Like Curt and his Urban Indy associates, a highly motivated person can raise a team and do a lot in Indy.

  • I think the lesson is that if Cleveland and other rust belt cities can build transit and BRT, then Indianapolis should have no excuse. But no matter how well-run Indianapolis and the region is, the state is always going to be there to block transit progress because it doesn’t align with supposed conservative values (how spending money on a car payment, insurance, gas, and maintenance is conservative I’ll never know).

  • It sounds like your planners in Indy are relatively humble and enlightened people. I’m not sure it would help a whole lot for me to meet with Steve Hambley. I had a meeting with Howard Maier, who runs NOACA, about this stuff. It was a total waste of time.

    It ended with him telling me NOACA would do a better job, if people would just bring them better projects. I was floored. Like, it’s your job as the MPO to let people know what your expectations are for the projects. Otherwise, you might as well not exist. And yeah, that was it.

    He also said he does not often meet with young women like me, because that would look funny. Ugh!

  • “a highly motivated person can raise a team and do a lot in Indy”

    Bingo. That’s what makes the city a great canvas for people who have an idea and some entrepreneurial instincts.

    As good as many things are here in Indy, we still have so many opportunities waiting for someone’s passion to pursue them.

    For better and worse, a lot of Indy folks don’t get to other cities to see alternative ways of being in action. Those of us who travel a lot have first-hand experience in the way things could be (and often, should be).

  • What is the obsession on rail? Why can’t we take the money from rail and have a massive, all inclusive bus system?

  • I would not say that there is an “obession on rail” in Indy. The IndyConnect regional multi-modal transportation plan proposes improvements of all modes. Along with adding, expanding and upgrading a good number of roadways in the region, a large amount of the transit improvement plan focuses on improving bus services. It increases the number of buses and bus routes – improving bus frequency along with extending the number of hours when buses are available. It also adds some cross town bus routes, adds some express bus services from the suburbs into the central city and some “Bus Rapid Transit” buses on a few of the busiest transit corridors in the region. It does propose putting commuter rail on the existing NE corridor rail line to connect people to jobs and other travel needs in the corridor between downtown, through the near NE side, near the State Fairgrounds, along the Binford Rd corridor, past Castleton and up through Fishers and Noblesville near SR 37. Another commuter rail corridor is also being considered that would run south – from downtown towards UIndy, Southport, Greenwood and Franklin.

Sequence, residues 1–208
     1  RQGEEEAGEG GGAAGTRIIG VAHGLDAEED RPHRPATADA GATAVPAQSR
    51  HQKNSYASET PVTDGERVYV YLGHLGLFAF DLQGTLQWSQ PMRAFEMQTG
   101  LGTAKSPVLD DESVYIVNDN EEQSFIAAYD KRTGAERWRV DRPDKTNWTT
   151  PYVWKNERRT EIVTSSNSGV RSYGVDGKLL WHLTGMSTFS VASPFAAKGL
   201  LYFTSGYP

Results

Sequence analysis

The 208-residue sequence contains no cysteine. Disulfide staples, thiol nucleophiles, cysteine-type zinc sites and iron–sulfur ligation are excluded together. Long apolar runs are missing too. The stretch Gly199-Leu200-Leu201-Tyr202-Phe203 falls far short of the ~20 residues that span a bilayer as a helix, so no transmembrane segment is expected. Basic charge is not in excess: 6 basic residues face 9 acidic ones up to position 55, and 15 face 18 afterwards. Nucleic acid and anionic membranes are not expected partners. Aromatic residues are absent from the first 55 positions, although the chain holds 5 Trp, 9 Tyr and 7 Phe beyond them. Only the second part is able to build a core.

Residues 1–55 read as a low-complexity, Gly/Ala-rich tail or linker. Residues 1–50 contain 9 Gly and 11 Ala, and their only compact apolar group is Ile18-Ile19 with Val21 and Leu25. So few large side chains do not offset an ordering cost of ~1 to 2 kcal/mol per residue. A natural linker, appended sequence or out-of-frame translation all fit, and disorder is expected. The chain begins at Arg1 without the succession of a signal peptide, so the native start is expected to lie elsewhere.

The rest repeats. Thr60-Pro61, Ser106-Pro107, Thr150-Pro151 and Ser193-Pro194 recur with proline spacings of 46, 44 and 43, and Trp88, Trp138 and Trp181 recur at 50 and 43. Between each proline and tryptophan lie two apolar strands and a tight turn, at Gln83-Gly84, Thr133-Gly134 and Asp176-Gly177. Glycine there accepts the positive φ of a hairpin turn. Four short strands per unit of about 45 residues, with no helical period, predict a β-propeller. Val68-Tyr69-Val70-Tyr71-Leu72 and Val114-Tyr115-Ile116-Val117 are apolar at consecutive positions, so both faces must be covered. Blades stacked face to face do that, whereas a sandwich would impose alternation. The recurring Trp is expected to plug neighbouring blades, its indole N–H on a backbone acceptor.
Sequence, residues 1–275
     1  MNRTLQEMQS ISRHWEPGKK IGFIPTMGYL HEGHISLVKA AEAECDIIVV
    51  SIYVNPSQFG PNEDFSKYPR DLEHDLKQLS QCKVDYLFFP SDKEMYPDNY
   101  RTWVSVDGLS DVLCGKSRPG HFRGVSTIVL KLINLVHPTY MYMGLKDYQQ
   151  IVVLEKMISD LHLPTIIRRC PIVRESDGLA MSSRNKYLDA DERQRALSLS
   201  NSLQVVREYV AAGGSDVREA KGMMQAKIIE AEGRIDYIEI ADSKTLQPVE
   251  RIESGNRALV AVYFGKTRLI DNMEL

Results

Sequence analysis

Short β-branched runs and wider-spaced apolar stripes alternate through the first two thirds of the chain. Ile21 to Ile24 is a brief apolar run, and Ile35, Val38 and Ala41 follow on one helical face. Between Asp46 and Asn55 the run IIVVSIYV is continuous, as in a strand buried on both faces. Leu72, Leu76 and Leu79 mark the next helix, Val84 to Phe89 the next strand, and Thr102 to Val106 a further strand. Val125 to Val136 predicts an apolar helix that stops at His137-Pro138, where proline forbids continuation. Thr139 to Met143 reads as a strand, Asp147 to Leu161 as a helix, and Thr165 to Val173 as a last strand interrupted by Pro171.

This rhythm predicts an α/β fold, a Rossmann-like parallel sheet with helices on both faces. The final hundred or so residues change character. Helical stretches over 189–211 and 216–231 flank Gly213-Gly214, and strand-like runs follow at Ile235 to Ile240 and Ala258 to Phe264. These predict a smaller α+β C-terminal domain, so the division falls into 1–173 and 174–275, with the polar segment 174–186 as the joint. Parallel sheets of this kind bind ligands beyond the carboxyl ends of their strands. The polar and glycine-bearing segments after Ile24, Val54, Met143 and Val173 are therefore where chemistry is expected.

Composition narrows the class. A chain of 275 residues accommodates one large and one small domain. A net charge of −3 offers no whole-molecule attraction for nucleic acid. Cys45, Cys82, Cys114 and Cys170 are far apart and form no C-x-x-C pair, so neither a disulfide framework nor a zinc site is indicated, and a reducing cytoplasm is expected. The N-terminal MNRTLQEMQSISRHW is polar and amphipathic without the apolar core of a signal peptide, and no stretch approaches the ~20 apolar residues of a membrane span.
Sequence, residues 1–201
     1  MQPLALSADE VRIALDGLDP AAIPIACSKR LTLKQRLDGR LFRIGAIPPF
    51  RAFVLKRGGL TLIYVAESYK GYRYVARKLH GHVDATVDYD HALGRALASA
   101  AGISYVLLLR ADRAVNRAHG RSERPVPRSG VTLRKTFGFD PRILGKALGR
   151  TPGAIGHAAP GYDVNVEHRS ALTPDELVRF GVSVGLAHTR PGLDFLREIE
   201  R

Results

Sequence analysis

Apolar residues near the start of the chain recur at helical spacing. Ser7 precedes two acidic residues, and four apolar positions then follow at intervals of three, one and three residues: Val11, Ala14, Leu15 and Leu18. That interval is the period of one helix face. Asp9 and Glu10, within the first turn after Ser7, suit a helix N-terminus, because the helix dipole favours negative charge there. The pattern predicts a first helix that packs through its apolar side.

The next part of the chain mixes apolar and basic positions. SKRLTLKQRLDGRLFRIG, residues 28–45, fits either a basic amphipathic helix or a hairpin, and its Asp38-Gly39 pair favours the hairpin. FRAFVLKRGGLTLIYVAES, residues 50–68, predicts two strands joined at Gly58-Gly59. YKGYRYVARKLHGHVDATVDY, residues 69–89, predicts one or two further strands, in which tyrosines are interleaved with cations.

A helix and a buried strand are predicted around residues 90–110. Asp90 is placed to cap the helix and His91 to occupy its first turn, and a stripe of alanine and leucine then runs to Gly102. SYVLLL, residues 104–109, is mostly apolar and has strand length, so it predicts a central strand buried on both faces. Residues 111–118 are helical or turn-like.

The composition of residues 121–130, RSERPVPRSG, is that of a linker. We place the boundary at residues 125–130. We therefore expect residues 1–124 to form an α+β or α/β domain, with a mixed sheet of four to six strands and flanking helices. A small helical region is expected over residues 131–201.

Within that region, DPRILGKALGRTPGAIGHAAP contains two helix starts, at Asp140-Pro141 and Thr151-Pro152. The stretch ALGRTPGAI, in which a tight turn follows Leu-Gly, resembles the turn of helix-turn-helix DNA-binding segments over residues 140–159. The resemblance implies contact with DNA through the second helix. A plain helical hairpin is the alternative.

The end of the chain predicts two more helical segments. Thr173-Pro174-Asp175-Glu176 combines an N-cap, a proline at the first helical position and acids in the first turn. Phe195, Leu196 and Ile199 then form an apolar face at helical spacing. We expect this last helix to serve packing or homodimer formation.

Improvements to bikewaysm, greenways and bike lanes are also part of the plan. Light rail may occur in some areas where Bus Rapid Transit proves to be very successful. Again — rail is part of the long term transportation improvement plan for the region, but I would not say that there is an “obsession” on rail.

  • FYI – not that it relates to this topic, but Indianapolis & IndyGo were mentioned on NPR this morning during the Marketplace Morning Report where they talked about rising use of public transportation.